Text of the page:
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Monday, 19 September 2011
Page: 10548


Mr SIDEBOTTOM (Braddon) (19:00): I am pleased to rise to support the Clean Energy Bill 2011 and associated bills. Since the industrial revolution in the 1800s humans have been putting more and more carbon dioxide into the atmosphere through burning fossil fuels like oil and coal. We know that this is having a negative impact on the world's climate and we have known this for a long time. Eighty-six years ago Alfred Lotka calculated the rate humans were burning the earth's energy reserves and talked of how the world's atmosphere would fundamentally change. Since then the science has strengthened and now climate models tell us that CO2 in the atmosphere traps the sun's heat and is warming our planet. So after a long debate, a multitude of inquiries and reports, it is time to do something. We know that waiting longer will only make the change to a clean energy future harder.

There is often some confusion in the media, sometimes deliberately so I suspect, about climate science because science deals with what is most likely rather than simple 'yes' or 'no' answers. There is always debate in science because science is based on scepticism. 'Prove it to me!' is what scientists always demand. Scientists want data; accepting someone's word is not good enough. This is also exploited by the opposition and vested interests as they wheel out so-called experts to argue that little to nothing needs to be done. The fact that there is debate in science is often used as a basis for arguing that the opinion of very few is the real position that government should take rather than listen to the vast majority of scientists, who have very different conclusions. This tactic has been used in the past to delay changes that will impact interest groups and big business but benefit the vast majority of the public. Science denying that smoking causes cancer is but one example.

For those lacking a science background, it is always prudent and responsible to take advice from those with appropriate scientific qualifications as you would in the area of health. This is what the Labor government is doing, and the vast majority of scientists agree that climate change is indeed real and needs to be tackled. There are also no credible scientific associations, universities or scientific bodies that disagree that climate change is real or caused by human influences. I ask you: are NASA, the UK Royal Society, CSIRO and the Australian Academy of Science all wrong?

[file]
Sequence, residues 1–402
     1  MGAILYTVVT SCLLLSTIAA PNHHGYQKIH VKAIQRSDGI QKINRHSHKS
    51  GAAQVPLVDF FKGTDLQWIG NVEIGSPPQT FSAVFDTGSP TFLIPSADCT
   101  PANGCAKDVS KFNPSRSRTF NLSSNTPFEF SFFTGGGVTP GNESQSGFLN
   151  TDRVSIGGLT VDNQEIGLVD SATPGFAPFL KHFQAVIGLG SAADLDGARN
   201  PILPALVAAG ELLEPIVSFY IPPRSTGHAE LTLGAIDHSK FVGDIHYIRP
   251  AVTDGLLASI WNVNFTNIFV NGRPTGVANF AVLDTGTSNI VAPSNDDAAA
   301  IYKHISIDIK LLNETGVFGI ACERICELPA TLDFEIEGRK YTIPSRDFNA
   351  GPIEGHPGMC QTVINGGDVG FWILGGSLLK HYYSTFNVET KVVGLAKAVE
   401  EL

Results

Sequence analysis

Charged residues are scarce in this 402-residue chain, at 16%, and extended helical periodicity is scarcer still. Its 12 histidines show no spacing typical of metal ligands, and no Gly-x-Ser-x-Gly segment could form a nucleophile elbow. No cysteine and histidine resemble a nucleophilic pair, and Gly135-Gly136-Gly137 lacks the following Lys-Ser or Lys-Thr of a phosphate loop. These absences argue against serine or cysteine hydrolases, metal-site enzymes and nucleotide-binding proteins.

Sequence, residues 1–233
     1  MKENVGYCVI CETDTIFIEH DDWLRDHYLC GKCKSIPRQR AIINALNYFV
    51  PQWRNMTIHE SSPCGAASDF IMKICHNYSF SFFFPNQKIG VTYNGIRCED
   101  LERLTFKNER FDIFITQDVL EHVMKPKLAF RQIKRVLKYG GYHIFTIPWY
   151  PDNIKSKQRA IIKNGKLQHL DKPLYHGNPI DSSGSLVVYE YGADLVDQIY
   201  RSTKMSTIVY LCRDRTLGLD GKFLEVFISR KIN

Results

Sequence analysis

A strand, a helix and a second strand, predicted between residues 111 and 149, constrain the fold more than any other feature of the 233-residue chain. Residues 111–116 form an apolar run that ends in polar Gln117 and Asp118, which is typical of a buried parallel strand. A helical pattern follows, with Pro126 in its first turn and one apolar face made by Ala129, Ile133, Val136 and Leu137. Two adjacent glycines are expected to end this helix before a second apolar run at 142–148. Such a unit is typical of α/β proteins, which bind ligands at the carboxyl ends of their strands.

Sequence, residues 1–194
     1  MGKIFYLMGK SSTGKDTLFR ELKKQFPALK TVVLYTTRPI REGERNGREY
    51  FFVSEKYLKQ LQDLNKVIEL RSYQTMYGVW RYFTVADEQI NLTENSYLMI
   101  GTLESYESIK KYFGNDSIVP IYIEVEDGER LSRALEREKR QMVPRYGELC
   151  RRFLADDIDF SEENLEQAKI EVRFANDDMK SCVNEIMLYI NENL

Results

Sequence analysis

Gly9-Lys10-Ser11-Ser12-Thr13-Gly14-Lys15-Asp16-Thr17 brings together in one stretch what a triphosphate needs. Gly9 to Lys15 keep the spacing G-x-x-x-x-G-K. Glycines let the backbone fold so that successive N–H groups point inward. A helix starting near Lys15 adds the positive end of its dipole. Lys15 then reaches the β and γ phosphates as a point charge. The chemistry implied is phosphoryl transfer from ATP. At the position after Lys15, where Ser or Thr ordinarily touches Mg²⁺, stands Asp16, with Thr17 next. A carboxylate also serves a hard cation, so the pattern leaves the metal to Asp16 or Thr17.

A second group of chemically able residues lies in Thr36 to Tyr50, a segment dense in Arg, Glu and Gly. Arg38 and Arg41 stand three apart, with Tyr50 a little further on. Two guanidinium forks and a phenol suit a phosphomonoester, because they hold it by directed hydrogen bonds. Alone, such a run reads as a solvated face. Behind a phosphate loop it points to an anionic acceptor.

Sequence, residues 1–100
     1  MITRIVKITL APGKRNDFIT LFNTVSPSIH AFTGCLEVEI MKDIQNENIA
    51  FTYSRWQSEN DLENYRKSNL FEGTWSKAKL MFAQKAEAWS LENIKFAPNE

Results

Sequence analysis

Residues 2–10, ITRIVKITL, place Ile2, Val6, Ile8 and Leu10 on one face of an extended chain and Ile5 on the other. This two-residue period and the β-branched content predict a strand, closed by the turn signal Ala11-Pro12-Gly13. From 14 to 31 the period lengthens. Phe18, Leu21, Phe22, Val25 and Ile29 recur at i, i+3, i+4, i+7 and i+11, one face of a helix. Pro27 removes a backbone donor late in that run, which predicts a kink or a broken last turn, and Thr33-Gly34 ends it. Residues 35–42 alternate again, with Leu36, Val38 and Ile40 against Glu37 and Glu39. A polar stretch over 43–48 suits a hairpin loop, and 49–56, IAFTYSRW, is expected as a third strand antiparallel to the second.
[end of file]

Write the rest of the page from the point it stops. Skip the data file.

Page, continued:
Anti-climate change websites, blogs, emails and conspiracy books are unreliable sources of scientific information because they are not based on data or peer reviewed scientific studies. They are opinion only. Furthermore, what we quite often see from the opposition and a handful of so-called experts is not scepticism based on science but climate denial. The opposition, with a wink and a nudge, also have the same target of a five per cent reduction by 2020. We all know they are really in denial about the urgency of the issue and the rigor of the science—no more than two years ago they agreed with it! Only one vote separated whether they would have been prepared to put an ETS to this parliament and this country. But now they are all converted, except one or two, to denial.

We know the Leader of the Opposition has used a variety of descriptions when talking about climate change, including describing it as 'absolute crap'. Later he talked about 'a draconian new police force chasing an invisible, odourless, weightless, tasteless substance'. Recently we had the New South Wales Premier, Mr O'Farrell, claiming publicly in July that the carbon price would increase public transport fares in Sydney by 3.6 per cent and warned that some commuters faced extra costs of $150 a year. And, boy, didn't some newspapers and TV networks rush to get that onto their front pages and onto our screens! But documents released in the New South Wales parliament show that the New South Wales Treasury advised the state government in August that the federal government's carbon price would increase public transport fares not by 3.6 per cent but by just 0.49 per cent.